Beginner’s Guide To Investing
WHAT IS VALUE INVESTING?
There are many types of value investors. Value investing is just a philosophy of investing but investors can practice the same philosophy with different strategies.
Think of them as all food lovers but each of them likes different type of food. Similarly, each value investor can invest in different companies with different characteristics, but they are all based on fundamental and logical reasoning.
Some of the different type of value investors includes:
- Growth Value Investors
Investors who look for fast growing companies with huge potential.
- Deep Value Investors
Investors looking for companies selling at a sharp discount to its intrinsic value.
- Income Value Investors
Investors who look for companies that produce consistent earnings or dividends.
- Investigative Value Investors
Investors who like to research in deep detail about a company to find possible way to profit from the company, either through investing or shorting the stock.
- Specialist Value Investors
Investors who just focus on industries that they are comfortable in.
They Are All Different In The Same Way
So what are the characteristic of value investors that bond us all together? Value investors have 4 keys common trails. They are:
- Fundamental Investors
We focus on the business of the company and not the share price. Every stock ticker is a company and we have to view it like a businessman.
- Long-term Investors
Value investors think of investings in term of years, not days or weeks.
- Continuous Learner
Investing is a life-long pursue. There is always something new to be learn in the world of investing and business.
- Stock market can be irrational
We know that the stock market can be irrational. This means that stock prices can go up or down for no logical reason. Value investors know that we can profit from the market’s irrationality, by buying low when the market is fearful and selling high when the market is greedy.
History Of Value Investing
Many “investors” in the past are mostly chartists or used technical analysis. However, Graham and Dodd basically give us the idea that we should invest like a businessman. Instead of seeing stock ticker as just a price, we should see the business behind that ticker and understand the risk and reward of that business.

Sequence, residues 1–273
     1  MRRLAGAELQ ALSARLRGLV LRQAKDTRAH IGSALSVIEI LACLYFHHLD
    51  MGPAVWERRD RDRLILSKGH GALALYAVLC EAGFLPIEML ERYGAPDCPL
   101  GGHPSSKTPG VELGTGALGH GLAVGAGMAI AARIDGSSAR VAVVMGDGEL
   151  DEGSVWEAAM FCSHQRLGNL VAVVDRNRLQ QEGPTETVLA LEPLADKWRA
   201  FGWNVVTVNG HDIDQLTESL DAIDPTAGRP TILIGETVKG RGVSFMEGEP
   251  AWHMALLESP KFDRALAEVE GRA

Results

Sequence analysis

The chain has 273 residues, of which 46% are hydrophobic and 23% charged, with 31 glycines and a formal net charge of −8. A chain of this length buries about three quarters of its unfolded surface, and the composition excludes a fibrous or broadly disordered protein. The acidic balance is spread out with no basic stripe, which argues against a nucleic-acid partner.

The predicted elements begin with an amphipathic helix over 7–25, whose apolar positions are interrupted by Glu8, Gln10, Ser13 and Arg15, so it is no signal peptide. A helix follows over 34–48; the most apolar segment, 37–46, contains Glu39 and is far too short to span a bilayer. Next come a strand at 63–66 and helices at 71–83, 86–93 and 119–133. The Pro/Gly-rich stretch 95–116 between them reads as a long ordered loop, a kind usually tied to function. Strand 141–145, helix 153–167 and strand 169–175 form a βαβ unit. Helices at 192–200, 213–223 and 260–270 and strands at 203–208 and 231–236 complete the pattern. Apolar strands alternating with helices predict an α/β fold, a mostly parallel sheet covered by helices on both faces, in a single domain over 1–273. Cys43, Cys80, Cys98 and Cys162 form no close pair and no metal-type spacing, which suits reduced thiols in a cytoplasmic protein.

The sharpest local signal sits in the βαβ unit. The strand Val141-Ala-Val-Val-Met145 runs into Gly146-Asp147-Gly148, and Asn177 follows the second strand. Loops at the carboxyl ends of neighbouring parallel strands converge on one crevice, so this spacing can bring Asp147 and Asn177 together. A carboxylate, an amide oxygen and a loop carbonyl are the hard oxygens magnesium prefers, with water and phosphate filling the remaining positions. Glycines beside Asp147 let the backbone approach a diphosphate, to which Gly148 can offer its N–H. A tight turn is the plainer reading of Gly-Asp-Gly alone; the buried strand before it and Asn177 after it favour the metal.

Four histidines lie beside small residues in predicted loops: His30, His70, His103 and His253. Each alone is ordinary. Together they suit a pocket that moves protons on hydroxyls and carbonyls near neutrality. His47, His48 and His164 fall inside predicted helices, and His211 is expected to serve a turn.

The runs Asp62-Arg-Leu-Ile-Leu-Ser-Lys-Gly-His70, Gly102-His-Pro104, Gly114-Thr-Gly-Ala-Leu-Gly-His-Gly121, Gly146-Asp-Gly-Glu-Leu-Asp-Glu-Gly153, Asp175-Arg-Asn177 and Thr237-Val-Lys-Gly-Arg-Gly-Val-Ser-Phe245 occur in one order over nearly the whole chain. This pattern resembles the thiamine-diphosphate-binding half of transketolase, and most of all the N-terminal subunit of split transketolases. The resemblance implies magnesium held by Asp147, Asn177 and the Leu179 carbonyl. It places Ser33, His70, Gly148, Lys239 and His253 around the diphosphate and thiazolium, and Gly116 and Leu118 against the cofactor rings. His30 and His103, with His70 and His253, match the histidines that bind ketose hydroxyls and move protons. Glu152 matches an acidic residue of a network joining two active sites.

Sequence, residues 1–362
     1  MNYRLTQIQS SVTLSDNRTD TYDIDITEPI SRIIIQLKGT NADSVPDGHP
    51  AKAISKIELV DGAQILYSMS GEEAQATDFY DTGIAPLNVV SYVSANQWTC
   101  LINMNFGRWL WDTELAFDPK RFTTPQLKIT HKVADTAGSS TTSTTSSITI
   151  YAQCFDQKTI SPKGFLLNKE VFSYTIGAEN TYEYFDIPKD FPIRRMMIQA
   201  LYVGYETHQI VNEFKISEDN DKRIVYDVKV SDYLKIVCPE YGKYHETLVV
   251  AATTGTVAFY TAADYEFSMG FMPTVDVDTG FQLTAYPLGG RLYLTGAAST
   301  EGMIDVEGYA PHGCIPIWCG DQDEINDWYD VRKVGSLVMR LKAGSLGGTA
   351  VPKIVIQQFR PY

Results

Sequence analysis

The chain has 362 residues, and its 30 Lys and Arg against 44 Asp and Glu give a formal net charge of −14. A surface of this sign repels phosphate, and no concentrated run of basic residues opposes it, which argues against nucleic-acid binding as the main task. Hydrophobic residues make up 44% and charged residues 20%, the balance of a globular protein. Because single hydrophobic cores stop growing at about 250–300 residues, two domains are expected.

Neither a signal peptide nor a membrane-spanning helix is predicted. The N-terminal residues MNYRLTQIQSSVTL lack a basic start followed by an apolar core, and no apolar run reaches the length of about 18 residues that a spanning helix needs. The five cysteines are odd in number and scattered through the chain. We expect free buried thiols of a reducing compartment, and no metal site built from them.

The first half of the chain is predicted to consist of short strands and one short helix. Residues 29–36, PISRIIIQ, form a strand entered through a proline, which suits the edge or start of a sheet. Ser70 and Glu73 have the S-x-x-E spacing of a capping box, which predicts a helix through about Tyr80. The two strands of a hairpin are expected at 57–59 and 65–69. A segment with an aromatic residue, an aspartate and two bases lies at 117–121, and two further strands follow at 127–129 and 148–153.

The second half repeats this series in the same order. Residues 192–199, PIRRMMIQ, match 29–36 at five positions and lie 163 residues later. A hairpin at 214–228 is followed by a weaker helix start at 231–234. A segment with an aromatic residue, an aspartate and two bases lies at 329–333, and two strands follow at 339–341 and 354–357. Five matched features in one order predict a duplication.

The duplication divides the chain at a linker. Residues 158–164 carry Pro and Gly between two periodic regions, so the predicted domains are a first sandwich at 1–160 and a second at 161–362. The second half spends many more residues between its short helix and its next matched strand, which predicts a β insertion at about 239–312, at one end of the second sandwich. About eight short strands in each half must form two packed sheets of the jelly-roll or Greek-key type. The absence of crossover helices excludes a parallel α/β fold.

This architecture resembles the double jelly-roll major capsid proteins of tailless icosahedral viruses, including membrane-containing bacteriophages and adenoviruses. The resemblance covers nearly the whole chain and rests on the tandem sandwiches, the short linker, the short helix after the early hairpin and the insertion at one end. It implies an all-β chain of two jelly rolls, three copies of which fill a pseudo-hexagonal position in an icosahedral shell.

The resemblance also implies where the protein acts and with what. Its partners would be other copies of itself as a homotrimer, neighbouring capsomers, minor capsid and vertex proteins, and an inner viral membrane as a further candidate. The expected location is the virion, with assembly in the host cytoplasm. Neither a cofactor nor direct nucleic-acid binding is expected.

That idea of value investing is first coined by Benjamin Graham and David Dodd through their legendary book “Security Analaysis” published in 1934. Many saw it as the “bible” of Value Investing.
Benjamin Graham is also considered the mentor to billionaire investor, Warren Buffett, arguably the most famous value investors in the world. Given the wild success of Warren Buffett, the popularity of value investing exploded over the past five decades.
Key Concept Of Value Investing
Another important book that Benjamin Graham wrote that greatly helped promote the concept of value investing is “The Intelligent Investor”.
The Intelligent Investor
Some of the key concepts that is discussed in the book about value investing are:
- Stocks are Businesses
Stock are business and we should focus on just the business and not the stock ticker when doing our research.
- Intrinsic Value
Each company has a intrinsic value to the business, regardless of what the stock price might be. The opportunity comes for investors when the market stock price of the company differs from the investors’ estimation of the intrinsic value.
- Margin of Safety
As intrinsic value estimation requires the investors to make many assumptions about the business, it cannot be 100% accurate. An investors can compensated that by adding a margin of safety to the intrinsic value when buying a stock.
For example, if the investor estimated that Company A has an intrinsic value of $5.00 per share. He can buy it only if Company A is trading around $2.50 per share, giving him a margin of safety of 50%. In this way, even if he has made a mistake on calculating the intrinsic value, it ensures the investors still have some margin for error.
The idea that the stock market is just an illogical and highly emotional business partner you have in your investments. Everyday, Mr. Market would come to you to offer to buy or sell shares of the companies on the stock exchange based on his mood. It is up to us as investors to see if the deal is beneficial for us by comparing it to the intrinsic value of the company.
Being a value investor would mean that you can see things differently as the market. We do not need to keep following what the market is doing, ie. Sell together with the market during market panic or buy together with the market during a rally.
Value investors should have the confidence to make our own decision based on logic and information we gather, instead of merely just following what everyone else is doing.
Now Available On Book Depository
Our Course is created based on some of the materials discussed within the book. Our book will take you through a more detailed study into how to apply value investing concepts in Asia.
Dr. Tan Chong Koay“The book is a great contribution to the investing society. Stanley and Mun Hong have been able to put together the valuable experiences and wisdom of many Asian outstanding fund managers!”
Dr. David Kuo“This is not just a book about value investing. Instead, it is a manual for value investing with an Asian twist that investors with an eye on the fastest-growing region in the world will reach for whenever they have questions that need answers.”
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